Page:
Solar Decathlon: The Skinny on the Latest Event
The Solar Decathlon has been on my radar since its inception in 2002. I have included profiles of Solar Decathlon houses in all my recent books and was honored to be a juror on this recent event in April 2021. It is an event I highly recommend to anyone interested in housing, solar energy, and new home technology.
Table of Contents
- What Is The Solar Decathlon?
- What Are The Goals Of The Solar Decathlon?
- What are the Judged Categories of the Solar Decathlon?
- What Is The History of the Solar Decathlon?
- What Teams Participated In the 2021 Solar Decathlon?
- Who Won the 2021 Solar Decathlon?
- What School Came Second in the 2021 Solar Decathlon?
- What School Came Third in the 2021 Solar Decathlon?
- What Is The Future of the Solar Decathlon?
What Is The Solar Decathlon?
The Solar Decathlon (SD) is a collegiate competition sponsored by the US Department of Energy and organized by the National Renewable Energy Laboratory. Houses are designed and built by students and faculty at universities in the United States and worldwide. Until this past event, homes were displayed at the SD event location and were open to the public. This year's event was virtual because of the pandemic. The goal for the teams is to design and build highly efficient and innovative houses while conserving water and powering the homes with renewable energy.
Over the past nineteen years, thousands of college students worldwide have designed and built SD houses that efficiently collect and convert sunlight into usable energy to compete in the event. During the in-person events, visitors tour the prefabricated houses, where student guides describe the mechanics, systems, and materials and explain why they chose those options. For this past event, the presentations were available online.
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What Are The Goals Of The Solar Decathlon?
The Solar Decathlon events help educate thousands of college students to consider the possibilities in designing energy and water-efficient houses using new, innovative technology. Many of the teams use these events to try and solve local and national issues such as the need for affordable housing, the preservation of water in arid areas, and the creation of housing for soldiers returning to this country with post-traumatic stress disorder (PTSD). The SD events have created a whole generation of more thoughtful and creative people in the construction industry.
What are the Judged Categories of the Solar Decathlon?
Several categories were judged in this past competition. They were:
- financial feasibility and affordability,
- market potential, and
A panel of judges rates each of the houses in each category. There are first, second, and third place winners overall and winners in all competition categories.
What Is The History of the Solar Decathlon?
At the first event in 2002, the houses were displayed on the National Mall in Washington DC. In the early days of the event, the houses were limited to an 800 square feet footprint, measured as a "solar footprint" or a vertical projection to the ground of the floor area, walls, and overhangs, resulting in reasonably small houses. In 2011, the size was changed to a 1,000 square feet limit. They now use a more common measuring method, calculated by ANSI-Z765, which is similar to how real estate agents calculate square footage. With the change in calculations, overhangs and non-conditioned spaces were not counted, which led to larger houses. More recently, the houses have been built locally, and the limit raised to 3,000 square feet. Most teams, however, still build homes closer to 1,000 than 3,000 square feet.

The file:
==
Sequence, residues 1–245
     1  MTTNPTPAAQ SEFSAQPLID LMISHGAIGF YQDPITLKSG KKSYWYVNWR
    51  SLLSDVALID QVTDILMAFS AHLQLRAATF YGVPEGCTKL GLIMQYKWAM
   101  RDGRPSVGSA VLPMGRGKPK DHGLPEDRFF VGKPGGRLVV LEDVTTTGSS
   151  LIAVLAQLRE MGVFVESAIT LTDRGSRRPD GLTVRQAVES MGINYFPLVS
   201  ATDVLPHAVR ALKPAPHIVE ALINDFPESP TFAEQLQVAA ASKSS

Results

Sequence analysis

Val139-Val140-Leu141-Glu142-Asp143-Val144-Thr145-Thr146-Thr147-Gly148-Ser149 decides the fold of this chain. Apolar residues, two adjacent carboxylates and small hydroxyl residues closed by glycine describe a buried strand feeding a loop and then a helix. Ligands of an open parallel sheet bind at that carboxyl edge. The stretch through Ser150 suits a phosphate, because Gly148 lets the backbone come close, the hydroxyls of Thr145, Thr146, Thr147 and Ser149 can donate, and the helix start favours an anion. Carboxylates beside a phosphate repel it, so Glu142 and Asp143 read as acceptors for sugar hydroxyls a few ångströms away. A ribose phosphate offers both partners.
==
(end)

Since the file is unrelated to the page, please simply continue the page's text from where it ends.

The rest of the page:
Since the initial event, future events took place in 2005, 2007, 2009, 2011, 2013, 2015, 2017, and 2021. The 2013 and 2015 events were held at the Orange County Great Park in Irvine, California. The 2017 event took place in Denver, Colorado, and the latest event was virtual. Since the initial event in the United States, SDs have been held in countries worldwide, in Europe, the Caribbean, China, Latin America, Africa, and the Middle East.
What Teams Participated In the 2021 Solar Decathlon?
Nine teams participated in the 2021 event. Unlike in past events, the houses remained in towns near to where the universities are located, rather than being transported to a shared location. Seven of the teams were in the United States, including Kansas State University, The University of Boulder, University of Oregon, Weber State University, University of Colorado, and the University of Nevada. International teams included Waterloo University in Ontario, Canada, and Hogeschool Utrecht University of Applied Sciences Utrecht in Utrecht, Netherlands.
Who Won the 2021 Solar Decathlon?
The team did extensive research in the community to better understand its housing needs and struggles. Only then did they set their goal to meet the challenge of providing much-needed affordable housing in this busy mountain resort town of Fraser, where the house is located. The team expects their design will be relevant in many other mountain resorts like this one. The team designed the ADU to meet the needs of employees who work at the town seasonally and need temporary and affordable housing. The ADU would also provide added income to the homeowner. With the high cost of housing in the area, it has been difficult for low- and middle-income residents, considered to be the backbone of this and other mountain resorts, to find affordable housing. This group includes teachers, small business owners, restaurant staff, resort employees, and others.
The team designed the house to maximize performance, limit its environmental impact and keep the operating costs down. To achieve these goals, the team designed the house with optimal orientation, a highly insulated envelope, natural daylighting and ventilation, high-efficiency HVAC equipment (including zone-based cold climate heat pumps), and maximum power point tracking on the solar panels. In addition, there are fewer windows on the north side of the house to minimize air loss and more windows on the south side to capture solar energy and lighting.